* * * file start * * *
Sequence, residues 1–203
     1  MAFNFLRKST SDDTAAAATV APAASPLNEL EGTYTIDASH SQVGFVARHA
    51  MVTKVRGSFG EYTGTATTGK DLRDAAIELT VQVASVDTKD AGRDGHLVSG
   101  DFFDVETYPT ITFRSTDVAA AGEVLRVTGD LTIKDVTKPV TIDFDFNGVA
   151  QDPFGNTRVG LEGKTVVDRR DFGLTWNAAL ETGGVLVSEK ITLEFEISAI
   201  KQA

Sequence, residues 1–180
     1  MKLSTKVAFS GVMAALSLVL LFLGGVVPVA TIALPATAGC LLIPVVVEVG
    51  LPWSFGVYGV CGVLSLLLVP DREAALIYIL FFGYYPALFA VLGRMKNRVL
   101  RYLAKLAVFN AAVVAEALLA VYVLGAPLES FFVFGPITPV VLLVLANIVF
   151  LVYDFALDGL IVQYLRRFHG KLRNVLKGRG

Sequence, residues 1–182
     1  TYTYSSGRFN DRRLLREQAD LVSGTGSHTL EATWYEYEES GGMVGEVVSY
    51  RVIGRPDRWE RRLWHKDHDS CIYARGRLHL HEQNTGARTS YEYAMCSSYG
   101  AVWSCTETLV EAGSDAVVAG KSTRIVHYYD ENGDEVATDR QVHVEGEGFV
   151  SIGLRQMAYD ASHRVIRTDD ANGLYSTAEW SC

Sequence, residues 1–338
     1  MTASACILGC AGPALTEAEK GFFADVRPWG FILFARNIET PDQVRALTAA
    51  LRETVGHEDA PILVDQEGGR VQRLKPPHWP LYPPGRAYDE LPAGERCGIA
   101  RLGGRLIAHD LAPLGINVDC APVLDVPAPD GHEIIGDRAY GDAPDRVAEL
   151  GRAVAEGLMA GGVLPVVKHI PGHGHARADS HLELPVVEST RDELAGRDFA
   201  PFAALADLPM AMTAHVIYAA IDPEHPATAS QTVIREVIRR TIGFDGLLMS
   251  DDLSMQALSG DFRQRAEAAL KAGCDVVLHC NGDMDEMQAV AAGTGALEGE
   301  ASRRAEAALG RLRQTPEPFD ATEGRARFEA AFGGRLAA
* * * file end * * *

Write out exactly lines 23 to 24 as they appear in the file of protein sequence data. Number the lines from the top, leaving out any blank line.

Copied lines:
   251  DDLSMQALSG DFRQRAEAAL KAGCDVVLHC NGDMDEMQAV AAGTGALEGE
   301  ASRRAEAALG RLRQTPEPFD ATEGRARFEA AFGGRLAA